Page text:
Thursday, August 26, 2010

Area man actually finds job through LinkedIn

Another in my very occasional series of public auditions for The Onion:

BOSTON -- Dorchester resident Sean Kelly spent Friday celebrating the end of his lengthy job search after he accepted an offer from a local publishing company, an offer he actually insists he would not have received without LinkedIn.

Kelly said the online professional networking site connected him with a current employee at the company, Brown & Reed Publishing, where Kelly will begin working as an editorial assistant Monday. The employee offered Kelly advice on how to handle the interview process.

"I am connected to a former college roommate on LinkedIn, though I never actually worked with him," Kelly said. "Anyway, he's connected to a woman who is connected to a guy who is connected to a guy who works at Brown & Reed. So I wrote to the guy, Tim I think his name is, who wrote back, 'The hiring manager, Vince, is a real asshole. He will try to knock you off balance with bullshit questions like what kind of tree would you be and why. It's a real power-trip thing. But stroke his ego a little and you should be fine.'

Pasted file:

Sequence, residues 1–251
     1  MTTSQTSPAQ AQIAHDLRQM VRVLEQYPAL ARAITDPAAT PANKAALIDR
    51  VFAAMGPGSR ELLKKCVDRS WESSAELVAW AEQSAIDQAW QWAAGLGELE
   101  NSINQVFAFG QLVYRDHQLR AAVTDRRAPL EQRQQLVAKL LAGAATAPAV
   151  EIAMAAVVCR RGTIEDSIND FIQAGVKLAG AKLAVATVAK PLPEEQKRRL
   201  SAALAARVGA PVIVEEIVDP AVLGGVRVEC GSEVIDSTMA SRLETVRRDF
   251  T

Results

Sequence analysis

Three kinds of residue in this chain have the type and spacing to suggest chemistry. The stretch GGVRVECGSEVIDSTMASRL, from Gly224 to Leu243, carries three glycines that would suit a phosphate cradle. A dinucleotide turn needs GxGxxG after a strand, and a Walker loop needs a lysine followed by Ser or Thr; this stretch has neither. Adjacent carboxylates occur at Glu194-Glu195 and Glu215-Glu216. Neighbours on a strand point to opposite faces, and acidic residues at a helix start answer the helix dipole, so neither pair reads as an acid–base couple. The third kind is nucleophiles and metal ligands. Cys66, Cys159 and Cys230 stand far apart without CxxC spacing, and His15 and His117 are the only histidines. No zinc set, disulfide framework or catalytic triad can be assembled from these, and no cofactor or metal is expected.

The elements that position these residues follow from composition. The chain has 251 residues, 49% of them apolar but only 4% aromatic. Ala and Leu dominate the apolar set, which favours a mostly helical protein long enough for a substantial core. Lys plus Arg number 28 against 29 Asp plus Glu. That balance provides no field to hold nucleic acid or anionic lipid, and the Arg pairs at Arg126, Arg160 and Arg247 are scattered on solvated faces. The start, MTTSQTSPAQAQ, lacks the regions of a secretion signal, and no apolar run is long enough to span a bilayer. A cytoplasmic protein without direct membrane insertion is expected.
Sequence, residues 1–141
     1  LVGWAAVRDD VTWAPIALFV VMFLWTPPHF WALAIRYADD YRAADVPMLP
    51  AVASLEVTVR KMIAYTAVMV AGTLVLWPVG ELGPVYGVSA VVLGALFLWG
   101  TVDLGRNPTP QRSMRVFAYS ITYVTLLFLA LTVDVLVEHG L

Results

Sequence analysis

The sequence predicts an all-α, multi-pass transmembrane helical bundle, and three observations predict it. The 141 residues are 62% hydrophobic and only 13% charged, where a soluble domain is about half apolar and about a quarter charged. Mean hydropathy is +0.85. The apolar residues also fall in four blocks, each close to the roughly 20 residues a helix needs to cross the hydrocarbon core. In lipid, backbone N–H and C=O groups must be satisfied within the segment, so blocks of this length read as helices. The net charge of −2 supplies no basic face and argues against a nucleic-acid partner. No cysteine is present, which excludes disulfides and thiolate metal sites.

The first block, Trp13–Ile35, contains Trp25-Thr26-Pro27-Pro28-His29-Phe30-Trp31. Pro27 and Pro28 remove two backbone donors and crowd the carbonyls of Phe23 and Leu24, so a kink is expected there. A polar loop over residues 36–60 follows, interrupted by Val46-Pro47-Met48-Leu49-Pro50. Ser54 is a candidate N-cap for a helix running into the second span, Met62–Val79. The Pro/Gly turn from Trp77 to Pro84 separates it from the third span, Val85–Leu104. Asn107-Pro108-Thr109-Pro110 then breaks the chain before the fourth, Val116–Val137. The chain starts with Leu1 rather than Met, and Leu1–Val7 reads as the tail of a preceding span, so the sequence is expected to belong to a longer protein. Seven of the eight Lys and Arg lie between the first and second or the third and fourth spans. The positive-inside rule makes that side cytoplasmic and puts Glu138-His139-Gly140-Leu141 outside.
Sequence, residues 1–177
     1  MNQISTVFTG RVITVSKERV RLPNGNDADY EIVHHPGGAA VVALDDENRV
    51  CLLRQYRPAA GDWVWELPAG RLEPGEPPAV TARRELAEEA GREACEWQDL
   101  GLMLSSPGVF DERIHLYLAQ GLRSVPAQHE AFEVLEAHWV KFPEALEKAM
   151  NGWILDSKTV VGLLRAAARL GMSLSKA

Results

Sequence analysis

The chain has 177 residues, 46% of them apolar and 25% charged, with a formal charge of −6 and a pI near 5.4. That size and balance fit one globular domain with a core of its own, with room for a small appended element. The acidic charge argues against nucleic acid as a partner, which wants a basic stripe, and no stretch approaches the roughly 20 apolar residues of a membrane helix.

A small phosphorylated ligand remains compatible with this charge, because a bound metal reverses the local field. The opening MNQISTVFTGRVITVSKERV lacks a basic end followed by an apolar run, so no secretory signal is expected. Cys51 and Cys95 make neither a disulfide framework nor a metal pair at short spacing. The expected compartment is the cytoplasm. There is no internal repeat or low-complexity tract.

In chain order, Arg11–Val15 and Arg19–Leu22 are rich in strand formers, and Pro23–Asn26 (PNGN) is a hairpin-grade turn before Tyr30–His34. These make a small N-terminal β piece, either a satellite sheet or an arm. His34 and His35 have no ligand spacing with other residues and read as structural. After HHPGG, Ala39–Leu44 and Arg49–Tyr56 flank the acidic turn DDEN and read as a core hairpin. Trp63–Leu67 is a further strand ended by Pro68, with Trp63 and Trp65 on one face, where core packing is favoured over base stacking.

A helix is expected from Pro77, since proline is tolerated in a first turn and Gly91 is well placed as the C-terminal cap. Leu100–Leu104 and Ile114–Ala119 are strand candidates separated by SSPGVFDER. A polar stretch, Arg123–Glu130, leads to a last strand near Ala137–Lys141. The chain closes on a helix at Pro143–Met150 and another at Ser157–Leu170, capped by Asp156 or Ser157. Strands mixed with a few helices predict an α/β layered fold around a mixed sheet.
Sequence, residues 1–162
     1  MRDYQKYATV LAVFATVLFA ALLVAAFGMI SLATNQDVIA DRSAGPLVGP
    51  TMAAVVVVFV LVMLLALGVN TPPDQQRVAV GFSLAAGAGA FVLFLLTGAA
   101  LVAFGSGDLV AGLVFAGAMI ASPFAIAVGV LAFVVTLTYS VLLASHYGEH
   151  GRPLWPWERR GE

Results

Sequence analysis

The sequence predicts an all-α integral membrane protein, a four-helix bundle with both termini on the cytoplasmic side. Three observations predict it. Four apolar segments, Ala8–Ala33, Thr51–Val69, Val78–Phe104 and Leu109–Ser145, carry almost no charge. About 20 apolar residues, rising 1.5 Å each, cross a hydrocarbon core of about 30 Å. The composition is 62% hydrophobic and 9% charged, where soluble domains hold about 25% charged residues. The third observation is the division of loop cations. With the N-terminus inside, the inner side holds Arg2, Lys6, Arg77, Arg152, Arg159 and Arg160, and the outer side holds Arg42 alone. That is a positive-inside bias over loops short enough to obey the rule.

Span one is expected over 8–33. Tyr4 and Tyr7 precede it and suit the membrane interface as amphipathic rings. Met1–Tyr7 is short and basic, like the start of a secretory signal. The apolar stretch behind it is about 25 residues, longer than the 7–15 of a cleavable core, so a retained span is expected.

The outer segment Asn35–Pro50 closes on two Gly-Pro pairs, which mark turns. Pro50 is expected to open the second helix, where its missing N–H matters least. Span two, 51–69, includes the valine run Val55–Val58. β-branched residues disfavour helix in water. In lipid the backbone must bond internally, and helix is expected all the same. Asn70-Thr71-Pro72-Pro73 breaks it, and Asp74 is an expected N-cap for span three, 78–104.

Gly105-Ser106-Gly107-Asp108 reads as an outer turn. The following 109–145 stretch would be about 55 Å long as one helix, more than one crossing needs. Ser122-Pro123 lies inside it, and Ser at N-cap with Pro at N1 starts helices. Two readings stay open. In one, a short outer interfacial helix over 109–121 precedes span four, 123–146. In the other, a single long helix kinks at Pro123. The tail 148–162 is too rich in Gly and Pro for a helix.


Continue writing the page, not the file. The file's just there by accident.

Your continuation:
"And Tim was right," Kelly added. "Vince is a real asshole."

Kelly said his looking beyond his group of connections to the connections of others made the difference in landing the job.

"The people I am connected to are mostly former co-workers," he said. "What are they going to do, get me some old, lousy job back? And many of them are laid off anyway. I just connect to them ... well, I don't know why. To be friendly, I guess."

LinkedIn founder Reid Hoffman, reacting to the news of LinkedIn's role in Kelly's hiring, said, "Really?"

"People always say, 'LinkedIn is just Facebook for people whose self-worth is tied to their jobs,'" said Hoffman. "But, like I have said all along, LinkedIn connects professionals in a meaningful way to enhance networking opportunities and help people achieve greater success in the job-seeking process.

"No, really, you're fucking with me, right?" he added. "Someone actually found a job using LinkedIn? A job job? Wow."

Kelly certainly is convinced that LinkedIn helped him.

"I wouldn't have this job without LinkedIn," he said. "Sure, it's well beneath my level of qualifications and experience, and the pay is a fraction of what I made before I was laid off. But, hey, it's a job."

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